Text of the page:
Lack of flexibility
ETL isn’t as flexible as ELT. Since you need to have a large transformation algorithm that needs to export data and transform it prior to loading, it would take a lot of work to change it. If you’re changing data sources or need to add a new one, this could mean rewriting parts of the large algorithm, and dealing with legacy is never easy.
A minor but an important drawback is that working with large amounts of data becomes increasingly difficult with ETL. The transformation stage may become a bottleneck in the system and cause it to process the data slower.
One of the main advantages of ELT, as opposed to ETL, is a much faster processing speed when dealing with Big Data. A BigQuery or Amazon Redshift pipeline will load all your raw data much faster than any ETL solution would.
Lots of analytics options
Since you’re storing large amounts of raw data, ELT is ideal for broad scope analytics. You can both run very limited transformations to get reports about specific things, or a large analysis of historical data. ETL doesn’t allow this as it doesn’t store raw data.
Low maintenance requirements
Maintenance will be out of the picture with most ELT systems as you won’t have to use on-site storage, and companies that offer ELT services do all the maintenance themselves.
Hard to implement
The price for that ease of maintenance is that setting up an ELT pipeline can be hard and expensive. In addition, it’s a relatively new technology and finding an employee or a contractor who possesses a high level of expertise can be a challenge.
Price per query
Running such a system can also incur a high cost on your business. Most ELT tools charge business owners for each query depending on the amount of data being transformed. With larger queries, it can be rather expensive and smaller businesses may not have the resources to be running analytics constantly.
ETL vs ELT example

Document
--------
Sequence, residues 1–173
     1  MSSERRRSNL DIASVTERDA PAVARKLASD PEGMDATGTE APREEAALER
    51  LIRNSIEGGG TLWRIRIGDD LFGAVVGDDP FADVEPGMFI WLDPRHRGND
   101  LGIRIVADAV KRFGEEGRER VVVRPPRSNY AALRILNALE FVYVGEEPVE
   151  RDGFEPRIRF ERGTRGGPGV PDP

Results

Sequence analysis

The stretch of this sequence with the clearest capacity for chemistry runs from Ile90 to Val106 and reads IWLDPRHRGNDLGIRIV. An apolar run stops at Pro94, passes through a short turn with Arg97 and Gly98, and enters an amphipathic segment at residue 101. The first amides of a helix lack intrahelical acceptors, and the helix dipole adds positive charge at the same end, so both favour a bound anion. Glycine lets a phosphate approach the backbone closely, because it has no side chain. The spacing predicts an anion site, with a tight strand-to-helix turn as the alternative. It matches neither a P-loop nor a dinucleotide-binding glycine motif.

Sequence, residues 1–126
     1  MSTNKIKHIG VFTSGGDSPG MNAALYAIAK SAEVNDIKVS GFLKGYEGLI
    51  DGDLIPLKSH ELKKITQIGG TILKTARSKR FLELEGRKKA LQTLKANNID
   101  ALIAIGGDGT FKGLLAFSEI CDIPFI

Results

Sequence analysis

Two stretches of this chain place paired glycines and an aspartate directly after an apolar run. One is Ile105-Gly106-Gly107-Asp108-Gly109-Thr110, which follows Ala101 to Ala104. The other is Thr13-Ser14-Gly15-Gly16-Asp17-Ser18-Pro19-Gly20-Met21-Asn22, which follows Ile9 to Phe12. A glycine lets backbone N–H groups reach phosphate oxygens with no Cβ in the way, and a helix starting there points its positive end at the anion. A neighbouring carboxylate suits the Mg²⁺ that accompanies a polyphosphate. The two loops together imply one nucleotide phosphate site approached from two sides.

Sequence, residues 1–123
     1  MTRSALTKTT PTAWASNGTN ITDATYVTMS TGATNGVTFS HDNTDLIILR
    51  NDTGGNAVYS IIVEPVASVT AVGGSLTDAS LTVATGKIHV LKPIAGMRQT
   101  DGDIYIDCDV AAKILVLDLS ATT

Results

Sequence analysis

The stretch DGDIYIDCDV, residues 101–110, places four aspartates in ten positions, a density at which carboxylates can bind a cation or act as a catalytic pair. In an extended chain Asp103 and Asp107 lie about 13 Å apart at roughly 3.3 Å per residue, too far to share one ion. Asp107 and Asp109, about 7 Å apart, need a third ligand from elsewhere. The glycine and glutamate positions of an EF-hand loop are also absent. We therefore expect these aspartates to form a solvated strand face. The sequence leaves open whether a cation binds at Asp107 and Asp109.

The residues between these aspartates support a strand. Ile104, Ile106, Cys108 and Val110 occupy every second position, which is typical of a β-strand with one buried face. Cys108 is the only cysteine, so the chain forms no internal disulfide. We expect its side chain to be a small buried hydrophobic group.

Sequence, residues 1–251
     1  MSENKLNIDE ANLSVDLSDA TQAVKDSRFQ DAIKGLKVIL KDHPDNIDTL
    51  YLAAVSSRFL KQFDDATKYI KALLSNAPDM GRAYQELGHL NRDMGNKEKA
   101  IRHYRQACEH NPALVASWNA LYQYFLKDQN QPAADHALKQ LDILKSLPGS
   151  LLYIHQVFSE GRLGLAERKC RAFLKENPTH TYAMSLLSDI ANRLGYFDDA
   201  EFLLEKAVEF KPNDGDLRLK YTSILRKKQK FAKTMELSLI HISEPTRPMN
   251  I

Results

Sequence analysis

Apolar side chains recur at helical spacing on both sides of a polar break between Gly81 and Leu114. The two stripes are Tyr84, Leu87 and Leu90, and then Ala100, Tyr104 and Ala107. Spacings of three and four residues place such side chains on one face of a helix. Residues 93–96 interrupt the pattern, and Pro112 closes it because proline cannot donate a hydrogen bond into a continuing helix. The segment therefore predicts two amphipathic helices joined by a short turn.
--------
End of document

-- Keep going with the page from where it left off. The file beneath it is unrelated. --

Now, let’s look at some practical examples of how these pros and cons can play out in real life.
A classic example of an ETL pipeline is a daily reporting solution. A small to medium eCommerce company using a single tool or a small arsenal of tools that are not bound to change in the near future does not need a complex and expensive solution like ELT. It also does not have the resources to handle the storage overhead that inevitably comes with ELT.
The first step towards a simple ETL pipeline for reporting would be finding an importing and transformation tool. Coupler.io is a great choice for that. This tool can natively integrate with plenty of standard eCommerce tools and can draw raw data from most platforms via API or CSV and JSON files. Data imports can be fine-tuned by picking just the data points you need to import for your reporting needs. You can also automate data imports to run daily or monthly with set time intervals.
With the data you’ve selected being uploaded automatically, you won’t have any trouble accessing it for quick analytics. Try Coupler.io for your project.
The obvious drawback is that this company would have limited access to historical data, but this can be sacrificed to reduce overhead and still have a decent reporting solution.
A good example of an ELT pipeline would be a large company, or one that is scaling up fast and has multiple, often changing data sources. The main goal of this company is not to run simple reports but to obtain useful insights from huge pools of data. So naturally, this company has the resources to afford the cost of running multiple large queries.
It would be a massive inconvenience to create and then constantly improve the transformation stage of an ETL pipeline, so this company will benefit from an ELT solution a lot more.
Loading data is the easiest part of the system, though. To make the most of ELT, this large company would have to develop multiple transformations and execute them. This comes at a high price at most ELT tools, but since companies that use this solution know that having an edge on competition makes or breaks their company, it’s worth it.
ETL vs ELT when to use
Every company and organization is different. If you want to decide whether you want to use ETL or ELT at yours, refer to these points.
ETL use cases
- Your company has its own storage
- Data storage cost is crucial
- You’re working with small to medium amounts of data
- Your data is consistent
- You need standard analytics
ELT use cases
- You deal with a lot of data
- Data needs fast storage
- You need historical data analysis
- Data sources change often
- You run different types of analytics
- Have the resources to process
Making the final choice
The final choice between what to use, ETL or ELT, is always on your shoulders. Only the owner of a business knows what their business model needs. Feel free to use this article as a useful resource and use the checklist above to decide whether you want to go for a cheaper, standardized solution or a more expensive one that allows for more flexibility.Back to Blog